Why The Simpsons Keeps Going


Why is the Simpsons still being made?   I think it’s a simple answer:  After all these years, it still makes money, lots of money.  The second question is maybe slightly more relevant: “Does Fox have a show to replace it yet when the Simpsons money dries up?”  

Fox just greenlit a season 29 and 30 of the Simpsons, making it the longest running scripted television show in the United States.  That will bring it up to 669 total episodes.  It’s not a cheap show to make each season – it might be the most expensive 2D animated show on TV today.

What does Fox have on tap in terms of animated series?  The Simpsons, Family Guy, Bob’s Burgers, and now Son of Zorn (half animated).  Even if you don’t count Zorn, that’s 3 solid series that are well proven.  Fox also still has American Dad which is now producing originals for TBS and might likely at this point not make it back to Fox broadcast.  None of those shows are ready to take over for the Simpsons, a show with no signs of stopping (except for the cringeworthy talent negotiations every few years).

In order to have a replacement show for the Simpsons, you need to be iconic and translate globally.  Being iconic will put some merchandise money in your pocket, and hopefully help it go viral a few times so you get lots of eyeballs.  Being iconic will also help you translate to go global.  ‘Global’ strategy should be in every conversation on every project that has a big budget.

Why talk about the global market?  Because it is crucially important here.  The Simpsons is currently seen in over 180 countries worldwide AND has merchandise in each of those countries.  That means that almost all the people with money on this planet are potentially watching the Simpsons.  One statistic reported the Simpsons is airing every single minute of the day, every day of the week somewhere on the planet.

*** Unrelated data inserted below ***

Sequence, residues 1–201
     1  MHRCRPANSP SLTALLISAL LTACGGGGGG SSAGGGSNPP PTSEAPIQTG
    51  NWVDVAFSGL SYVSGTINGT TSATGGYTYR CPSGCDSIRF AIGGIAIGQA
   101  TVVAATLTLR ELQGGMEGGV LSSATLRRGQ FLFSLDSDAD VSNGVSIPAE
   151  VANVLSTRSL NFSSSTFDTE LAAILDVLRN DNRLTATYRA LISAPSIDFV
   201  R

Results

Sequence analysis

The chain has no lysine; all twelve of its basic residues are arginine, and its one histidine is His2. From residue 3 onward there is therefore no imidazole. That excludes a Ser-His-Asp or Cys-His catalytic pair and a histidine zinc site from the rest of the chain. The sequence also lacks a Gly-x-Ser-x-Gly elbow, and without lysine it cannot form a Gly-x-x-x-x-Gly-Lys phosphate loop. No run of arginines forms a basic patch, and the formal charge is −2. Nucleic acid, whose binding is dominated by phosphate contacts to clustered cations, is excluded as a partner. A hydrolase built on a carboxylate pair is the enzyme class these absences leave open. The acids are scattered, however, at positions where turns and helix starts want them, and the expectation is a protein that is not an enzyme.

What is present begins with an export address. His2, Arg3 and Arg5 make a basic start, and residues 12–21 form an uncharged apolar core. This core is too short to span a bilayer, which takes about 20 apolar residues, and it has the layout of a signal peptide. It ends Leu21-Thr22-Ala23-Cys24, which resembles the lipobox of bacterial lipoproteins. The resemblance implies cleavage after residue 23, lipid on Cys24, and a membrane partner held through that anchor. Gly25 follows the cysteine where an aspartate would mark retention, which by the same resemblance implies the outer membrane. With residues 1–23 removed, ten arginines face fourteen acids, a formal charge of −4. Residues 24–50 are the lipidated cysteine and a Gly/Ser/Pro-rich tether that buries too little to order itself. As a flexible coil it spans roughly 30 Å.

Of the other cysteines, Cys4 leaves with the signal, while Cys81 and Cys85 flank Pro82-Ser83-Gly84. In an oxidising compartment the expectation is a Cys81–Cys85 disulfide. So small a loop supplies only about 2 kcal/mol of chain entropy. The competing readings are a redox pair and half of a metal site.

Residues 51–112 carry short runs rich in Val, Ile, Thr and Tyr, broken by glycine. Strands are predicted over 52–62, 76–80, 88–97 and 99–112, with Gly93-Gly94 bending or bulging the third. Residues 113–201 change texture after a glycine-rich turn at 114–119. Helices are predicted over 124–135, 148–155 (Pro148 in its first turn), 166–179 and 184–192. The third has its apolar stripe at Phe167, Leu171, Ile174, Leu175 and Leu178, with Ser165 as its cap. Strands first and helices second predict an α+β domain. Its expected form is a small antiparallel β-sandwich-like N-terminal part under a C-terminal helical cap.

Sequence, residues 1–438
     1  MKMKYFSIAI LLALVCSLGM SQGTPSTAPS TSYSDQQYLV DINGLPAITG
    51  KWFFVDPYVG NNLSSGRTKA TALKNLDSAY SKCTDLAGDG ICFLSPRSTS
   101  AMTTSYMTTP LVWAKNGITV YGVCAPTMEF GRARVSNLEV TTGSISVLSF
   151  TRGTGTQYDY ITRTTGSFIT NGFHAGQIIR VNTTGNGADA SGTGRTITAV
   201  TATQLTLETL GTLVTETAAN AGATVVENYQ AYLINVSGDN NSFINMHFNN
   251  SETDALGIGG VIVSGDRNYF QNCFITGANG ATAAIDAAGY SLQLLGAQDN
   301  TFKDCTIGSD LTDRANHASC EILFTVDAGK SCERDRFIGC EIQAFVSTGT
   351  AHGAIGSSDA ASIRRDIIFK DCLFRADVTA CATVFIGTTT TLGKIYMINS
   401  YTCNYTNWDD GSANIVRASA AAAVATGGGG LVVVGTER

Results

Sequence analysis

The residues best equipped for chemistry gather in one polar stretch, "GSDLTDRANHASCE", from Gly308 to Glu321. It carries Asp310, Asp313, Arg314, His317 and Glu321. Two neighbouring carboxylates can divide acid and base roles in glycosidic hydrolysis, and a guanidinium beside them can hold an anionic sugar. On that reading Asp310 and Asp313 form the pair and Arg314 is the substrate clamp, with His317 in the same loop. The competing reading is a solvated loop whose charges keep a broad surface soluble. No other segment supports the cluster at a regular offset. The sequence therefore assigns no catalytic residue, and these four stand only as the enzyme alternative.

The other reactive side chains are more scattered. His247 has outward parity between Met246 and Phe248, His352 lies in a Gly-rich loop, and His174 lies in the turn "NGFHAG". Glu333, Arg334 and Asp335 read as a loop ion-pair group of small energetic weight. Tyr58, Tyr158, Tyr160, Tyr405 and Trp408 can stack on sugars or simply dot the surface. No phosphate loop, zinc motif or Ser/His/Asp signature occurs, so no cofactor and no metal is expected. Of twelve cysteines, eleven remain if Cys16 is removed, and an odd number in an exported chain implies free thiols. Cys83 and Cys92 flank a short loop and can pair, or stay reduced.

If you want to have a glimpse of how much money this show makes, look at how much they are paying the talent.  Each principal player actor makes around $300k per episode.  With all six principals in an episode, you can rack up almost $2m in talent fees alone and you haven’t started drawing yet!

How much money do you have to make to rationalize $2m in talent fees?  The answer is A LOT.  That coupled with a big, expensive writers room and decent salaries on the animation production side after 20+ years, each episode for this show, this show is a juggernaut for Fox.

Some other random Simpsons facts relating to $$$:

• Matt Groening has an estimated net worth of $500 million
• The Simpsons series has generated over $5.7 billion in advertising revenue
• Merchandise over the years has generated over $4.7 billion
• Syndication revenue is over $1 billion over the life of the franchise

If you’re still getting ratings, ad dollars and merch money AND you can continue to feasibly make the show, it’s going to be a no brainer to keep going.  Maybe that means they don’t need a series to replace it anytime soon.  I love to see a good success story, so here’s to the Simpsons and their crew for setting a new long distance record for TV series.  I hope you guys (and gals) keep it going.


Author: Nate Funaro

Animation producer / dog rescuer / cocktail maker based in Los Angeles

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